Dictionary of Christian Biography and Literature to the End of the Sixth Century/Ursacius, bp. of Singidunum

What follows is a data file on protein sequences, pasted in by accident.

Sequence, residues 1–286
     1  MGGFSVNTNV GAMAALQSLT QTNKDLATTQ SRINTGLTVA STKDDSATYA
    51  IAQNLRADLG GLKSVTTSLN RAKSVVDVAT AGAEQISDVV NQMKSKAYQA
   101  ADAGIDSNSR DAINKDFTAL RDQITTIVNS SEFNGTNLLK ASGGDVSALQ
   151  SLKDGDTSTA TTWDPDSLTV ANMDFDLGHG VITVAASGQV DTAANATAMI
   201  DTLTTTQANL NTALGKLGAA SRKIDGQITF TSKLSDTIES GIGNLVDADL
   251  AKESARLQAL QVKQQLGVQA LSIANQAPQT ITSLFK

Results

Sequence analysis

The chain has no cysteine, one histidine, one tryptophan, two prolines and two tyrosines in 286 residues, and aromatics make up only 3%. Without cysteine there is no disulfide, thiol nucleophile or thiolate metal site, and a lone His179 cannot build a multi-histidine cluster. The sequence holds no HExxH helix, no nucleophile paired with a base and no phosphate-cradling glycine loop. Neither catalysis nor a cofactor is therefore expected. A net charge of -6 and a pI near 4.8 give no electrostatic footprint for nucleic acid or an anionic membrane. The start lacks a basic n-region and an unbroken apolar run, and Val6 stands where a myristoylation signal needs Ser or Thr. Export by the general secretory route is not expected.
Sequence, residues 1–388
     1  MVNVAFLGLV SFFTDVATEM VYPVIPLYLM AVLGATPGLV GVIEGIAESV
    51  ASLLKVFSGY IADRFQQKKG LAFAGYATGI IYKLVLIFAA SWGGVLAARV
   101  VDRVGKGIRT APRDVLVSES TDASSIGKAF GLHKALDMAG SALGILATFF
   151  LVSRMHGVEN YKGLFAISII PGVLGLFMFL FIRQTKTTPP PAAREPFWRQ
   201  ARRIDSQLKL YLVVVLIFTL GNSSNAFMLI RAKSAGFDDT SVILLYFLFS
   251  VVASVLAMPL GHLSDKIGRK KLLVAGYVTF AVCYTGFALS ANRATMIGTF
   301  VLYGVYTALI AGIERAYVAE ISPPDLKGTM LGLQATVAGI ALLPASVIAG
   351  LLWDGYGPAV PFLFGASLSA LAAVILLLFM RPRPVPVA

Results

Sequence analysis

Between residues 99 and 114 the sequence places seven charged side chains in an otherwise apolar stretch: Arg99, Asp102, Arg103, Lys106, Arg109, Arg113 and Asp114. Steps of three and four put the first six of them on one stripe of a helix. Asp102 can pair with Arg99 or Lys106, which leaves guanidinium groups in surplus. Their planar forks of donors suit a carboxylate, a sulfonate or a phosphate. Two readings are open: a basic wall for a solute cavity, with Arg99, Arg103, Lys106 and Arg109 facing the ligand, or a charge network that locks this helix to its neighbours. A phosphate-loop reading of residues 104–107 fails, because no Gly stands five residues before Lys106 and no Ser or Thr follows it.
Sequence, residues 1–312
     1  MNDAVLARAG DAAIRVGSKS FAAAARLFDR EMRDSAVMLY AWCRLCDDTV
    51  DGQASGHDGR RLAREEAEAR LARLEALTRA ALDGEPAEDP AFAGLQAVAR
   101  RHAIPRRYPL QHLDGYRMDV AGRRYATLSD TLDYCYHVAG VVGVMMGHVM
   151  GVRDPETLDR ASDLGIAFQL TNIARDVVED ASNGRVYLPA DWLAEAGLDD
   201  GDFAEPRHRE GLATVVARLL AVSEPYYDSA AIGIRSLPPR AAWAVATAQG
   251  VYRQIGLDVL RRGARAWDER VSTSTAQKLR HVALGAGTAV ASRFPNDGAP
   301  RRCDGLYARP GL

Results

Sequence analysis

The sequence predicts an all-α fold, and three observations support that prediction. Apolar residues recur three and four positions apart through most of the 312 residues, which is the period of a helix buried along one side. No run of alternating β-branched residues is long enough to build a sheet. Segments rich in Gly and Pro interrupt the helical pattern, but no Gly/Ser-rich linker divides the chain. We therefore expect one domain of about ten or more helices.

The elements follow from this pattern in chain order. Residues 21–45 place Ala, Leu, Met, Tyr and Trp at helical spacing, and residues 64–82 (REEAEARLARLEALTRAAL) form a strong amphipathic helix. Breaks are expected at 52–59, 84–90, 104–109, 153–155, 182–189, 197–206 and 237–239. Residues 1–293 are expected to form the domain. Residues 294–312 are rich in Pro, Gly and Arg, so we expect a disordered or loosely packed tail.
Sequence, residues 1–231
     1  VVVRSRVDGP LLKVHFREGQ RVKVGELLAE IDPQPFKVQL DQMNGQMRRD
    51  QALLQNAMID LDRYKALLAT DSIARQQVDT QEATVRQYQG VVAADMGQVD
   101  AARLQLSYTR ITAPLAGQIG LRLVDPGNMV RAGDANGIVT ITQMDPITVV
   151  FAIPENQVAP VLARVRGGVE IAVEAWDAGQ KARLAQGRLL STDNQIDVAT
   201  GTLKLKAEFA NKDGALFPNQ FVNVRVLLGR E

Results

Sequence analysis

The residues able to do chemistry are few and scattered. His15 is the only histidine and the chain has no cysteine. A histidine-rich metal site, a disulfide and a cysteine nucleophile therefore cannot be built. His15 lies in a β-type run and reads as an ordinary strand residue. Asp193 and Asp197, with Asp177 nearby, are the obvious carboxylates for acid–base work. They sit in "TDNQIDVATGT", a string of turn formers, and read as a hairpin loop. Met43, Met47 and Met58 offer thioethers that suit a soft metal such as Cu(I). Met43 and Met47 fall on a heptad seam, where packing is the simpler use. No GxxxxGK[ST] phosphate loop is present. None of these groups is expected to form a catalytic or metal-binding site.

Ursacius (1), bp. of Singidunum (Belgrade). He and Valens, bp. of Mursa, appear at every synod and council from 330 till c. 370, as leaders of the Arian party both in the East and West. They seem to have imbibed their Arian views from Arius himself during the period of his exile into Illyricum immediately after the council of Nicaea. They are described by Athanasius (ad Episc. Aegypt. 7, p. 218) as the disciples of Arius. This could scarcely have been at Alexandria, but they may easily have come in contact with him during his exile, which seems to have been very fruitful in spreading his views, as almost all the bishops of the Danubian provinces, together with Ulfilas and the Gothic converts, appear as Arians immediately afterwards (cf. Sulp. Sever. Chron. ii. 38). Ursacius must have been born, at latest, c. 300, as we find him a bishop, actively engaged in conspiracy against Athanasius, when Arius was recalled, c. 332. From Socrates we gather the leading events of his life. In H. E. i. 27 we find him united with Eusebius of Nicomedia, Theognis of Nicaea, Maris of Chalcedon, and Valens, in getting up a case against Athanasius and fabricating the scandalous charges of theft, sacrilege, and murder, investigated at the council of Tyre in 335, Ursacius and Valens being present there. They must have been very active and influential members of the party even at that early period, for they were sent to Egypt, as deputies of the synod, to investigate the charge on the spot, notwithstanding the protests of Athanasius (l.c. i. 31). In 342 they assisted at Constantinople at the consecration of Macedonius as patriarch. Upon the triumph of Athanasius in 346 they made their peace with Julius, bp. of Rome, accepted the Nicene formula, and wrote to Athanasius, professing their readiness to hold communion with him. At the synod of Sirmium in 359 they were again active members of the Homoean party, who drew up the Dated Creed, May 22, 359. They duly presented this creed to the council of Ariminum a few weeks later, which promptly rejected it, deposing Ursacius and Valens from their sees, "as well for their present conspiracy to introduce heresy, as for the confusion they had caused in all the churches by their repeated changes of faith." Ursacius and Valens at once sought the emperor's presence and gained him over to their side. The council also sent a long epistle to the emperor, which Socrates (ii. 37) inserts. The emperor refused to see the deputies of the council, and sent them to wait his leisure at Hadrianople first, and then at Nice in Thrace; where Ursacius and Valens induced these same deputies to sign, on Oct. 10, 359, a revised version of the creed, which the council had rejected. Socrates tells us that Nice in Thrace was chosen in order that it might impress the ignorant, who would confound it with Nicaea in Bithynia, where the orthodox symbol had been framed. Cf. Soz. H. E. iv. 19; Hieron. adv. Lucif. p. 189; Sulp. Sev. Chron. ii. 44; and Gwatkin's Studies of Arianism, pp. 157–178, for the history of this period. Ursacius and Valens seem to have remained influential with the court till the end of life, for the last notice of either of them in history tells how Valens obtained the recall of the Arian Eunomius from exile in 367 (Philostorg. H. E. ix. 8). The writings of Athanasius and Hilary frequently mention them. Gwatkin's Studies is very full of information, and Hefele's Councils (t. ii. Clark's trans. s.nn.) gives abundant references to the synods in which they took part; see also Tillem. Mém. vi.